Charles Hamblin

From Academic Kids

Charles Leonard Hamblin (1922-1985) was an Australian philosopher and one of Australia's first computer scientists. His main early contributions to computing, which date from the mid 1950s, were the development of Reverse Polish Notation (RPN) and the zero-address store. He was also the developer of one of the first programming languages, GEORGE. Since his death, his ideas have become influential in the design of computer interaction protocols, and are expected to shape the next generation of e-commerce systems.

Hamblin was born in 1922 and attended North Sydney Boys' High School and Geelong Grammar. He then took degrees in Arts (Philosophy and Mathematics) and in Science (Physics), followed by an MA in Philosophy (First Class Honours) at Melbourne University, with his studies interrupted by work as a radar officer in the RAAF during World War II. Following the war, he gained a PhD at the London School of Economics, University of London on the topic, "Language and the Theory of Information", apparently under Karl Popper (Hamblin 1957a). Hamblin's thesis presented a critique of Shannon's theory of information from a semantic perspective, and developed a possible-worlds semantics for question-response exchanges. Between 1955 and his death in 1985 he was a Lecturer and Professor in the School of Philosophy at New South Wales University of Technology (NSWUT), which later became the University of New South Wales (UNSW).

In 1956, the University purchased a DEUCE computer manufactured by the English Electric Company (EEC), an early British computer manufacturer, and Hamblin, with his radar background, became involved in working with this machine. This was the third academic computer in Australia. Hamblin soon became aware of the problems of (a) computing mathematical formulae containing brackets, and (b) the memory overhead in having dealing with memory stores each of which had its own name. One solution to the first problem was Jan Lukasiewicz's Polish notation, which enables a writer of mathematical notation to instruct a reader the order in which to execute the operations (e.g. addition, multiplication, etc) without using brackets. Polish notation achieves this by having an operator (+, *, etc) precede the operands to which it applies, e.g., +ab, instead of the usual, a+b. Hamblin, with his training in formal logic, knew of Lukasiewicz's work.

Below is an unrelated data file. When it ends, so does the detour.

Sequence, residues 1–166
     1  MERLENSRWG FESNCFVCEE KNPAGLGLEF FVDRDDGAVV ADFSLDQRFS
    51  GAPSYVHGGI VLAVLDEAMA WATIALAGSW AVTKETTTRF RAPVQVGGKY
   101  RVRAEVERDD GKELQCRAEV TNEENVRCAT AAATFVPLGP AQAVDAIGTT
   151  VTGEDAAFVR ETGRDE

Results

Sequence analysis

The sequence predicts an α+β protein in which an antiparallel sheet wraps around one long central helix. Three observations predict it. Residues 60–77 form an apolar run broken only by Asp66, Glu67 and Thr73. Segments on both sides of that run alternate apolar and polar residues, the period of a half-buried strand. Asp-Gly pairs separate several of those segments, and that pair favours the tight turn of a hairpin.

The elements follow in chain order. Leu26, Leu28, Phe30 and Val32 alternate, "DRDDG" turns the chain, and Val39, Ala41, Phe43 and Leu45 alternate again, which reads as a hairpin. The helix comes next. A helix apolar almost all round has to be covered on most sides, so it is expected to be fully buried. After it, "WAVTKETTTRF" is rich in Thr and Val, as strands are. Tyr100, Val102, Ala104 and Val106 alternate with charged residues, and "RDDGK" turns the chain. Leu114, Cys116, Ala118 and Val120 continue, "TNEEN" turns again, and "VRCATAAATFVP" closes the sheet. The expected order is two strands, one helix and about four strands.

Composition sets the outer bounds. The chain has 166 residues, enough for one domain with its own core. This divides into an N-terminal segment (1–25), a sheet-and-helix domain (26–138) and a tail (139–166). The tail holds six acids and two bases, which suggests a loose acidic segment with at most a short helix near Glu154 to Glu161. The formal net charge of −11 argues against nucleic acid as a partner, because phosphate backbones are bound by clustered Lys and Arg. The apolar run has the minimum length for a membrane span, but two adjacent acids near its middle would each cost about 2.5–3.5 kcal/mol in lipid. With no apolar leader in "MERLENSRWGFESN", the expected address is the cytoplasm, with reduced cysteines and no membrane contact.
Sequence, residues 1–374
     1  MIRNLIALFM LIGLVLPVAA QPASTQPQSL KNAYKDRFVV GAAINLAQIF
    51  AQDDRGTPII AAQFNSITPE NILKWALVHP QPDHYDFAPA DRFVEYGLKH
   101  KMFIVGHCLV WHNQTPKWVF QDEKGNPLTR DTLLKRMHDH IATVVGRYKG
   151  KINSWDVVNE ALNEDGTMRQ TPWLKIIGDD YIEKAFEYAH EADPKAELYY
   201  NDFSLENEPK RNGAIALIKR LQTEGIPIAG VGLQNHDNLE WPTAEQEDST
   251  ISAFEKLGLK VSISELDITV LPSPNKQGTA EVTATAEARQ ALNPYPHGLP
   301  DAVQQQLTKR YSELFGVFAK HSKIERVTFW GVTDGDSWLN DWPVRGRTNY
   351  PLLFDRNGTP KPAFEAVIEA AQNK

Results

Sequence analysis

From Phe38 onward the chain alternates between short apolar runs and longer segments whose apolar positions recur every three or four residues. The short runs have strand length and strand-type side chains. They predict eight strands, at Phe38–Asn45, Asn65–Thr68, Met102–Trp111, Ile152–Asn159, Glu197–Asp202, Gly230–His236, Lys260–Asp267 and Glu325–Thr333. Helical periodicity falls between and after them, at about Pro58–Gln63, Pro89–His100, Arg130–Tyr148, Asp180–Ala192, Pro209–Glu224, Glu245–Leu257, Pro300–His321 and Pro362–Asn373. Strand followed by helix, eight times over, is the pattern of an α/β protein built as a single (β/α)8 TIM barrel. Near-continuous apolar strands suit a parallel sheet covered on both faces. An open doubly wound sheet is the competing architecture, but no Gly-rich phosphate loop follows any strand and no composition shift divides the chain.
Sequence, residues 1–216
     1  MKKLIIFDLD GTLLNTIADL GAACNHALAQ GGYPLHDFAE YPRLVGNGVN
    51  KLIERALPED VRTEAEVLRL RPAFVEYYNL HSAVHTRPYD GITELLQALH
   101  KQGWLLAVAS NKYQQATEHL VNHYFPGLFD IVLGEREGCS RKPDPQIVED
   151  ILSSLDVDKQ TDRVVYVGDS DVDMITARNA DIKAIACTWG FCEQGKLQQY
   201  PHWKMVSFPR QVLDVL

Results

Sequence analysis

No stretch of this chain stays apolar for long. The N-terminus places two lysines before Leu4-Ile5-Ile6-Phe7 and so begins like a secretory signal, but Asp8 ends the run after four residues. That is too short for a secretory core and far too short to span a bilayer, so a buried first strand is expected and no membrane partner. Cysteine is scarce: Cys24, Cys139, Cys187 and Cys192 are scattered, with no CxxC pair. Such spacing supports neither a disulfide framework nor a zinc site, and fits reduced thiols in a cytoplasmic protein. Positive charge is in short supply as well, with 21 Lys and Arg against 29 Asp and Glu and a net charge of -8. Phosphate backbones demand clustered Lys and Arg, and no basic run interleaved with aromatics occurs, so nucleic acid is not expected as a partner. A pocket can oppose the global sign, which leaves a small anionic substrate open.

However, this does not solve the second problem. Hamblin realized that placing the operation symbol to the right of the operands (i.e., reversing the polish notation, as in ab+) would enable the machine to make use of a store which did not require an address -- the current operation would always be conducted on the most-recent operands inserted and still remaining in the store. This store came to be called a stack, or last-in, first-out (LIFO) store. He implemented these ideas in a programming language for the DEUCE machine, a language he called GEORGE, for General Order Generator. This work was undertaken at a time when there were only a handful of programming languages, and indeed still some resistance to the idea of non-assemblor languages (due to their greater memory requirements).

Hamblin presented his work at the first Australian conference on computing, which was held at the Weapon Research Establishment in Salisbury, South Australia, in June 1957 (Hamblin 1957b). Employees of the English Electric Company were present at this conference, and took his ideas back to England. As a consequence, Hamblin's architecture was implemented in the company's next machine, which came to be called the KDF9. The architecture of this machine even used Hamblin's terminology. This machine was announced in 1960 and delivered (i.e. made available commercially) in 1963. Hamblin published his ideas in 1957 (Hamblin 1957b, 1957c) and 1962 (Hamblin 1962).